Breast cancer cells ‘regulate their own metastases’

Breast cancer cells

Scientists have discovered a type of breast cancer cell that is highly efficient in invading and colonising distant organs and slow their growth once there to evade therapies.

This phenomenon then leads to later metastatic breast cancer in patients who have been cancer-free for years.

According to a study published in Cell Reports, the breast cancer cells regulate their own metastases by fuelling dissemination from the original tumour and determining routes to invade distant organs like the lungs.

This type of cell is found in in triple negative breast tumours and have a hallmark slowed production of a protein called srGAP1, which is usually attributed to cancer growth.

Scientists also found in animal models that these unique cells slow and stop their own growth, keeping them in a dormant state in distant organs such as the lungs. Staying in this ‘sleepy’ state allows these cells to evade therapies that target the normal rapid cell growth of cancer cells, fuelling later metastases.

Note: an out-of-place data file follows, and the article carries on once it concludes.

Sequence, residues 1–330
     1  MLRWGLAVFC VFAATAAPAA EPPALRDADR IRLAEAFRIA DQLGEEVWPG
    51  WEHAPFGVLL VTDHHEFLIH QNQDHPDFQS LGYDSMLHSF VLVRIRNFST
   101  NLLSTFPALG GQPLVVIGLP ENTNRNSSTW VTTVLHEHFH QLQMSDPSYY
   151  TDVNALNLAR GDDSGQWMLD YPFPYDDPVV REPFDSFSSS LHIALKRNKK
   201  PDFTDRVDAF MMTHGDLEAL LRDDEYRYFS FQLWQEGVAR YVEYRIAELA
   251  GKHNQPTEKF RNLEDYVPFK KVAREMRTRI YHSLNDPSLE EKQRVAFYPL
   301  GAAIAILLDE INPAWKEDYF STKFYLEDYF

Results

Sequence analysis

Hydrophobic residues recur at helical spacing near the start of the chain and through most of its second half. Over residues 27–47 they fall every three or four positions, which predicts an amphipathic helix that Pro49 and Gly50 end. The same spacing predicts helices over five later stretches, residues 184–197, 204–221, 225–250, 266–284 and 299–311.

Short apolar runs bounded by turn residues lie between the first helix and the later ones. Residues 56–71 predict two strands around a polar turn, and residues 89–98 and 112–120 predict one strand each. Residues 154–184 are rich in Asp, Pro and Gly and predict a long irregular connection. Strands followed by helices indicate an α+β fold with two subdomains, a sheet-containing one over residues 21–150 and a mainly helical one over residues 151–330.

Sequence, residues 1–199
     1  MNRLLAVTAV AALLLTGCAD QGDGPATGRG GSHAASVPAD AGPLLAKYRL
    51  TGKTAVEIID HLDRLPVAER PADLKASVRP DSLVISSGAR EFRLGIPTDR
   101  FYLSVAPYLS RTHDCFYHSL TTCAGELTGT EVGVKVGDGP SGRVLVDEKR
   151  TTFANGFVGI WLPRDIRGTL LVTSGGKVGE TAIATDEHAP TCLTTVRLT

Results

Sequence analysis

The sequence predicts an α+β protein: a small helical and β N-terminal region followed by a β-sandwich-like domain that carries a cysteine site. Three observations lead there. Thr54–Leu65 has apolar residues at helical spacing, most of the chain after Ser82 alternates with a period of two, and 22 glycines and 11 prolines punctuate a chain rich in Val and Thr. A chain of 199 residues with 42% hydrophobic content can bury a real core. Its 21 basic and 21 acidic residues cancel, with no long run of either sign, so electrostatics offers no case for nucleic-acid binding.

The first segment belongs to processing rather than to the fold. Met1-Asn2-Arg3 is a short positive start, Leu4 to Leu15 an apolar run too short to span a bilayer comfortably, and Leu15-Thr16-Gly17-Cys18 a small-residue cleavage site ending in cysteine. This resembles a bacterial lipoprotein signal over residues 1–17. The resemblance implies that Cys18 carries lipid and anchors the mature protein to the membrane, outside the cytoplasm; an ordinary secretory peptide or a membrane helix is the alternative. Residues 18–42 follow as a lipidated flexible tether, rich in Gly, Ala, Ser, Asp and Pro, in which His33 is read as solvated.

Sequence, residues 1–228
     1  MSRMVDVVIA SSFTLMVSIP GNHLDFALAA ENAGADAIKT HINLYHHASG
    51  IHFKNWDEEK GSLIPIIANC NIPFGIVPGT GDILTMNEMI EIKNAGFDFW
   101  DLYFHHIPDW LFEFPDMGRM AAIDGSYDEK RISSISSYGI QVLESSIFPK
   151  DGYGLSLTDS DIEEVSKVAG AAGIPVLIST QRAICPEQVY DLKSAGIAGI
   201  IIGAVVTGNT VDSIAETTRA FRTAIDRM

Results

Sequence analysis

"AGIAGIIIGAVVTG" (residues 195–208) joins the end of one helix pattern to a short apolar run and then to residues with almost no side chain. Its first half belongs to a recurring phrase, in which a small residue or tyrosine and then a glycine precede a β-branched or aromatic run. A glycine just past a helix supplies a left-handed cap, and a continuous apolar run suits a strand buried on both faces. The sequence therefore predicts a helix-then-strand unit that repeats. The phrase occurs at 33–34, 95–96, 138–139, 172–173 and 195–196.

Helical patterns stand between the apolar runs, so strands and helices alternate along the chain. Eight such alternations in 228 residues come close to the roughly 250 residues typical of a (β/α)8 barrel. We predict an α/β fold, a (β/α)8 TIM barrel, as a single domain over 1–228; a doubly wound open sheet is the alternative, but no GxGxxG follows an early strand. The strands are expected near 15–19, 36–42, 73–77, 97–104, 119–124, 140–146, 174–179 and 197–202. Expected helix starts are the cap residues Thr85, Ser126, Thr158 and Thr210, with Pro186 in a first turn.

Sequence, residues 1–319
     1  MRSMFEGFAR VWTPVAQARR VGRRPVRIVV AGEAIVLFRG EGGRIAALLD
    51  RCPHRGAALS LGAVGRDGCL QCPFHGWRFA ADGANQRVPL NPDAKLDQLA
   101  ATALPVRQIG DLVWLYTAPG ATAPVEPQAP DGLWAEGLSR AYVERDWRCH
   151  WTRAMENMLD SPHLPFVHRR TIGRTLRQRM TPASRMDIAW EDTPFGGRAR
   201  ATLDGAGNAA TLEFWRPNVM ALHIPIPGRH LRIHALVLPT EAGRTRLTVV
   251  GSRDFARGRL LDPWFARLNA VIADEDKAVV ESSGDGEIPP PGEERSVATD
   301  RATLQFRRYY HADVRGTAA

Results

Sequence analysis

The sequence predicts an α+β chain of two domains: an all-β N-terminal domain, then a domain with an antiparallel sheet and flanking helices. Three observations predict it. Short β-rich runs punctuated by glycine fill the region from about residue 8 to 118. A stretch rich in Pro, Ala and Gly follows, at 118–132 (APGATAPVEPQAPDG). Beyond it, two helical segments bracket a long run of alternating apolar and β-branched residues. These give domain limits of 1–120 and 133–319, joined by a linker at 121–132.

“Our findings emphasise the importance of considering phenotypic changes that could occur when treating cancer cells with therapeutic strategies that target proliferating cells such as chemotherapy,” said Jose Javier Bravo-Cordero, PhD, Associate Professor of Medicine (Hematology and Medical Oncology) at The Tisch Cancer Institute at Mount Sinai. 

“Our studies suggest that more selective therapeutic strategies combining treatments against both dividing cells and invasive dormant cells may be necessary to prevent metastatic disease.”

To conduct the study, researchers used high-resolution in vivo imaging to visualise the steps of tumour cell extravasation – via regulation of the proteins srGAP1 and TGFβ2. 

The microscopy studies revealed that these cells enter a dormant state after invading the lungs by secreting the protein TGFβ2. They also showed that interfering with that protein can block tumour cell invasion into the lungs.

Partners who contributed to this work include Stonybrook University, University of Illinois at Chicago, Janelia Research Campus at Howard Hughes Medical Institute and University of California at Berkeley.

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